Clinical Chemistry and Laboratory Medicine (CCLM)
Published in Association with the European Federation of Clinical Chemistry and Laboratory Medicine (EFLM)
Editor-in-Chief: Plebani, Mario
Ed. by Gillery, Philippe / Lackner, Karl J. / Lippi, Giuseppe / Melichar, Bohuslav / Schlattmann, Peter / Tate, Jillian R.
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Interference of the new oral anticoagulant dabigatran with frequently used coagulation tests
1Institute of Laboratory Medicine, Municipal Hospital Hietzing-Rosenhuegel, Vienna, Austria
2Central Institute of Medical and Chemical Laboratory Diagnostics, University Hospital – State Hospital Innsbruck, Innsbruck, Austria
3Clinical Institute of Laboratory Medicine, Medical University Vienna, Vienna, Austria
4Central Laboratory, General Hospital Linz, Linz, Austria
5Central Laboratory, Clinic St. Poelten, St. Poelten, Austria
6Institute of Laboratory Medicine I, Clinic Wels-Grieskirchen, Wels-Grieskirchen, Austria
7Department for Medical Statistics, Informatics and Health Economics, Medical University of Innsbruck, Innsbruck, Austria
aWMH and GW equally contributed to this work.
Citation Information: Clinical Chemistry and Laboratory Medicine (CCLM). Volume 50, Issue 9, Pages 1601–1605, ISSN (Online) 1437-4331, ISSN (Print) 1434-6621, DOI: 10.1515/cclm-2011-0888, March 2012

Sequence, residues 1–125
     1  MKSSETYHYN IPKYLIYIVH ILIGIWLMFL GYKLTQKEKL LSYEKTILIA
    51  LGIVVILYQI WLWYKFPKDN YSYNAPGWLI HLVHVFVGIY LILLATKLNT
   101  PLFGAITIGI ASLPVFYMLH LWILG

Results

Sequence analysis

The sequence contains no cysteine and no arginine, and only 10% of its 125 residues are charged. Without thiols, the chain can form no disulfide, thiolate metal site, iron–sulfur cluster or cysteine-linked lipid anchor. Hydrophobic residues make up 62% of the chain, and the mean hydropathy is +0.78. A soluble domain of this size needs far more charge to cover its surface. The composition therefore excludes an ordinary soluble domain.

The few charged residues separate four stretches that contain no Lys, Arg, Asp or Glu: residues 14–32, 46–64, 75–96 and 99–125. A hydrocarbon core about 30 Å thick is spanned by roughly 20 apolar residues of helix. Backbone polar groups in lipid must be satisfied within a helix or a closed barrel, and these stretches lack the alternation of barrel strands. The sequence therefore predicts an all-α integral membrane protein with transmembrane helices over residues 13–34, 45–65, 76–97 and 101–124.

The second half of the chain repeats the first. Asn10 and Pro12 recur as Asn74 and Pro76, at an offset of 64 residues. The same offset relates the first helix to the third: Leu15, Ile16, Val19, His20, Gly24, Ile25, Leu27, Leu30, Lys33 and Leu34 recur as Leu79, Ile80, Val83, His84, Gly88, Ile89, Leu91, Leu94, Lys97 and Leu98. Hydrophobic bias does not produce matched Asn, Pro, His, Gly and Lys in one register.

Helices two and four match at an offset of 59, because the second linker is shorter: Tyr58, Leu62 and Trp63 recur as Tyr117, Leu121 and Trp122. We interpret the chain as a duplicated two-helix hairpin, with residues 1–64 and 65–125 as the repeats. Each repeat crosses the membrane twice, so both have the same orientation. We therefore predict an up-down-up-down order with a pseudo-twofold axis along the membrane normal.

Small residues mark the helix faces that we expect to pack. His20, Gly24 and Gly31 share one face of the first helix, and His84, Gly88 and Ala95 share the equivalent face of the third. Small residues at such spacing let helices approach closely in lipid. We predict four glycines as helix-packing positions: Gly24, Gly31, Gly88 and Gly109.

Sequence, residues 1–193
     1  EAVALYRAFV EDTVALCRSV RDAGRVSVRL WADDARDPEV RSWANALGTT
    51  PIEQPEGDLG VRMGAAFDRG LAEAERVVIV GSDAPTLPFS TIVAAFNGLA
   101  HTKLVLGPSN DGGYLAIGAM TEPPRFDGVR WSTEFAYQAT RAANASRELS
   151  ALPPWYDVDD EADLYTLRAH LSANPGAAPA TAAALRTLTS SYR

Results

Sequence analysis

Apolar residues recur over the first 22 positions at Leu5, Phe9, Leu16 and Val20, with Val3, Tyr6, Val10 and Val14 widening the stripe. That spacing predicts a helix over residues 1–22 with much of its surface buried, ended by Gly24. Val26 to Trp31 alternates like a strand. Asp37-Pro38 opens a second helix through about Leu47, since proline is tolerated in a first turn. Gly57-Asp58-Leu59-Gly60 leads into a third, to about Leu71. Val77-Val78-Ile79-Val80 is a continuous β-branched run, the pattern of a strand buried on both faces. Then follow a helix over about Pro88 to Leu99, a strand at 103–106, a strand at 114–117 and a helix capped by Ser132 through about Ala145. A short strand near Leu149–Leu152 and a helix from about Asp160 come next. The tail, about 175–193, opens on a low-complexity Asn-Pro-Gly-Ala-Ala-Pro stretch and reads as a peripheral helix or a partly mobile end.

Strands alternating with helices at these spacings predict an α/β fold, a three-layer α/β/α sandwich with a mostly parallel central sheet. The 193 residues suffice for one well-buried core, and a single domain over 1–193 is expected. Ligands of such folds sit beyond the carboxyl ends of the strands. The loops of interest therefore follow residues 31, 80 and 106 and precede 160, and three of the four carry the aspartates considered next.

- Published Online:
Background: Dabigatran etexilate is a new oral anticoagulant for the therapy and prophylaxis of venous thromboembolism and stroke prevention in patients with atrial fibrillation. To investigate the extent of interactions of this new anticoagulant with frequently used coagulation assays, we completed a multicenter in vitro trial with Conformité Européenne(CE)-labeled dabigatran-spiked plasma samples.
Methods: Lyophilized plasma samples with dabigatran concentrations ranging from 0.00 to 0.48 μg/mL were sent to the coagulation laboratories of six major Austrian hospitals for evaluation. Coagulation assays were performed under routine conditions using standard reagents and analyzer.
Results: Dabigatran led to a dose-dependent prolongation of the clotting times in coagulometric tests and influenced the majority of the parameters measured. Statistically significant interference could be observed with the prothrombin time (PT), activated partial thromboplastin time (aPTT) and PT/aPTT-based assays (extrinsic/intrinsic factors, APC-resistance test) as well as lupus anticoagulant testing. Even non-clotting tests, such as the colorimetric factor XIII activity assay and to a minor extent the amidolytic antithrombin activity assay (via factor IIa) were affected.
Conclusions: This multicenter trial confirms and also adds to existing data, demonstrating that laboratories should expect to observe strong interferences of coagulation tests with increasing concentrations of dabigatran. This finding might become particularly important in the elderly and in patients with renal impairment as well as patients whose blood is drawn at peak levels of dabigatran.
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